Risk management for people with inherited STK11 mutations
The National Comprehensive Cancer Network (NCCN) provides risk management guidelines for men and women with STK11 mutations. These are listed below. We also recommend that you speak with a genetics expert who can look at your personal and family history of cancer and can help you determine the best risk management plan. Consider enrolling in a research study looking at other ways to screen for or prevent cancer.
- Breast cancer
- Ovarian, cervical and endometrial cancer
- Testicular cancer
- Gastrointestinal cancers
- Pancreatic cancer
- Other cancer risks
- Learning to be aware of changes in breasts beginning at age 18.
- Clinical breast exam every 6 months starting at age 25.
- Annual breast MRI with contrast (or mammogram if MRI is unavailable) beginning at age 25.
- Annual mammogram beginning at age 30 (consider 3D mammography, if available).
- Yearly pelvic exam and Pap smear beginning at age 18-20.
- Yearly testicular exam and observation for feminizing changes (e.g., breast enlargement) beginning at age 10.
- Colonoscopy every 2-3 years beginning in late teens.
- Upper endoscopy every 2-3 years beginning in late teens.
- Small bowel screening with CT or MRI. Baseline at age 8-10 years.After baseline exam, follow-up small bowel screening every 2-3 years, beginning at age 18.
- Consider pancreatic cancer screening every 1-2 years, beginning at age 30-35 (or 10 years younger than the earliest case of pancreatic cancer in the family), using one or both of the following:
- contrast-enhanced MRI/magnetic resonance cholangiopancreatography (MRI/MRCP)
- endoscopic ultrasound (EUS)
- Before undergoing screening, people should have a conversation with their doctor about the potential benefits, risks, costs and limitations of screening.
- NCCN recommends that the screening be performed in an experienced facility, ideally under research conditions.
- Provide information about lung cancer and quitting smoking.
There has not been enough research to show a benefit from screening and prevention for other cancers in people who have a STK11 mutation. For this reason, experts recommend managing other cancer risks based on family history. Cancer screening and prevention research studies may be available for people with STK11 mutations.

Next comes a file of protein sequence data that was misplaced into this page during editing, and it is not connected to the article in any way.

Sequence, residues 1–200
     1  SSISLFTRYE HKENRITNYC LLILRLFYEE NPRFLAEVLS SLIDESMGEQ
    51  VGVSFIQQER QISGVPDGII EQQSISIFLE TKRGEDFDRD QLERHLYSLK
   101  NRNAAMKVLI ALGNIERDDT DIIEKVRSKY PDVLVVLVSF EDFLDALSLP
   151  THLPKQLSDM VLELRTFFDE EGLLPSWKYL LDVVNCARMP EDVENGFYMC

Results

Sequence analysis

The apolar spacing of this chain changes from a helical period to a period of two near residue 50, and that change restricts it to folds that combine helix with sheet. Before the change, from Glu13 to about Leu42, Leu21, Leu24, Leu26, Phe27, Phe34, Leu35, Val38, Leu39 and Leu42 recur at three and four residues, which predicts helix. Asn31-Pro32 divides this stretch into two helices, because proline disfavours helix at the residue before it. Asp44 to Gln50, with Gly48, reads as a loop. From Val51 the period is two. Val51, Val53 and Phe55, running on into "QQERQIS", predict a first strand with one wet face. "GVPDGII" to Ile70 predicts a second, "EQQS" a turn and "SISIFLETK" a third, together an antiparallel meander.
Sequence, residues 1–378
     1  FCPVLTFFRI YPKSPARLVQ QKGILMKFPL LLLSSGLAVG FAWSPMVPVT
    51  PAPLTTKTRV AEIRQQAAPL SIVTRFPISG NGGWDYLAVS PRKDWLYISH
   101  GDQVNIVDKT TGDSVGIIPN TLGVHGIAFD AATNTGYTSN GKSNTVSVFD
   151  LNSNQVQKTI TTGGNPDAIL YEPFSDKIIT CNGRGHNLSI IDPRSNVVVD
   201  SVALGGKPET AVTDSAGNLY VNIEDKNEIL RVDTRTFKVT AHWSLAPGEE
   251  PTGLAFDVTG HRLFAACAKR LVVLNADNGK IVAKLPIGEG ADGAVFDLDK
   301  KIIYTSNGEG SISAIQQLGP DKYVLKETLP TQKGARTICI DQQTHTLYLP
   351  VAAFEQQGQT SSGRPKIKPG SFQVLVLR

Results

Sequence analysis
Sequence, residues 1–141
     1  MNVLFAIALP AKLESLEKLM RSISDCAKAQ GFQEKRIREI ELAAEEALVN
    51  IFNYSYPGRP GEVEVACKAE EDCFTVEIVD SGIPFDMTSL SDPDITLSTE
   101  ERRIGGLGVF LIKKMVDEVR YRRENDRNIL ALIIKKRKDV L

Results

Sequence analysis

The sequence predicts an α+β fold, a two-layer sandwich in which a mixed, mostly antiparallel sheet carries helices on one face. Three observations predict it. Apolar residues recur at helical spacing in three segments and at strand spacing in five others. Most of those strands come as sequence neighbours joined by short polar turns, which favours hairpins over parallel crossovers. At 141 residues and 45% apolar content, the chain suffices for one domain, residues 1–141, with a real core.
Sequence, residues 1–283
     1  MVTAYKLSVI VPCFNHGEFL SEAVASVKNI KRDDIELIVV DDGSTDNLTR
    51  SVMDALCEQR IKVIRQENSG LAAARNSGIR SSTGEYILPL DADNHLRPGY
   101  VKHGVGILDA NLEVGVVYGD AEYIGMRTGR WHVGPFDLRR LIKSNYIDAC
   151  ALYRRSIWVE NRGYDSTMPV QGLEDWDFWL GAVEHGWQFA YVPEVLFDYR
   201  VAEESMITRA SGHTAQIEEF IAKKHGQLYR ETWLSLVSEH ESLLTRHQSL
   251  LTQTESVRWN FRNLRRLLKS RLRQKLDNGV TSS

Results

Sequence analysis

If you are a person with an STK11 mutation, you can find peer support through the following resources:
- Register for the FORCE Message Boards to connect with others who share your situation. Once you register, you can post on the Share Your Mutation board to connect with other people who carry an STK11 mutation.
- FORCE's Peer Navigation Program will match you with a volunteer who shares your mutation and situation and provide you with a free resource guide.
- Contact the FORCE impact leaders in your area to link to local support groups and other resources.
- Attend a virtual support meeting in your area.
- Read the stories from members of our community.
- Smart Patients has an active Peutz-Jeghers syndrome support community.
The following screening and prevention studies are open to people with an STK11 mutation.
- NCT02000089: The Cancer of the Pancreas Screening-5 CAPS5)Study (CAPS5). The goal of this study is to evaluate pancreatic juice for early cancer markers.
- NCT02206360: Pancreatic Cancer Early Detection Program. This pancreatic cancer screening study uses esopheal ultrasound to screen for pancreatic cancer in high risk people. The study is open to people with an STK11 mutation or other mutation linked to increased cancer risk.
- NCT03568630: Blood Markers of Early Pancreas Cancer. This pancreatic cancer study involves blood samples over time to look for biomarkers of pancreatic cancer in high risk people. The study is open to people with an STK11 mutation or other mutation linked to increased cancer risk.
- NCT03693378: A Study of IMMray™ PanCan-d Test for Early Detection of Pancreatic Cancer in High-risk Groups. This pancreatic cancer screening study uses an experimental blood test to screen for pancreatic cancer in high risk people. The study is open to people with an STK11 mutation or other mutation linked to increased cancer risk.